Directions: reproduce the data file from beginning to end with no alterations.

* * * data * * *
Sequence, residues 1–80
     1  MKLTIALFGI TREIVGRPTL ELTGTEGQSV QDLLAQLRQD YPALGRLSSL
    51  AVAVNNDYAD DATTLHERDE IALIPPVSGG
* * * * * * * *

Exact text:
Sequence, residues 1–80
     1  MKLTIALFGI TREIVGRPTL ELTGTEGQSV QDLLAQLRQD YPALGRLSSL
    51  AVAVNNDYAD DATTLHERDE IALIPPVSGG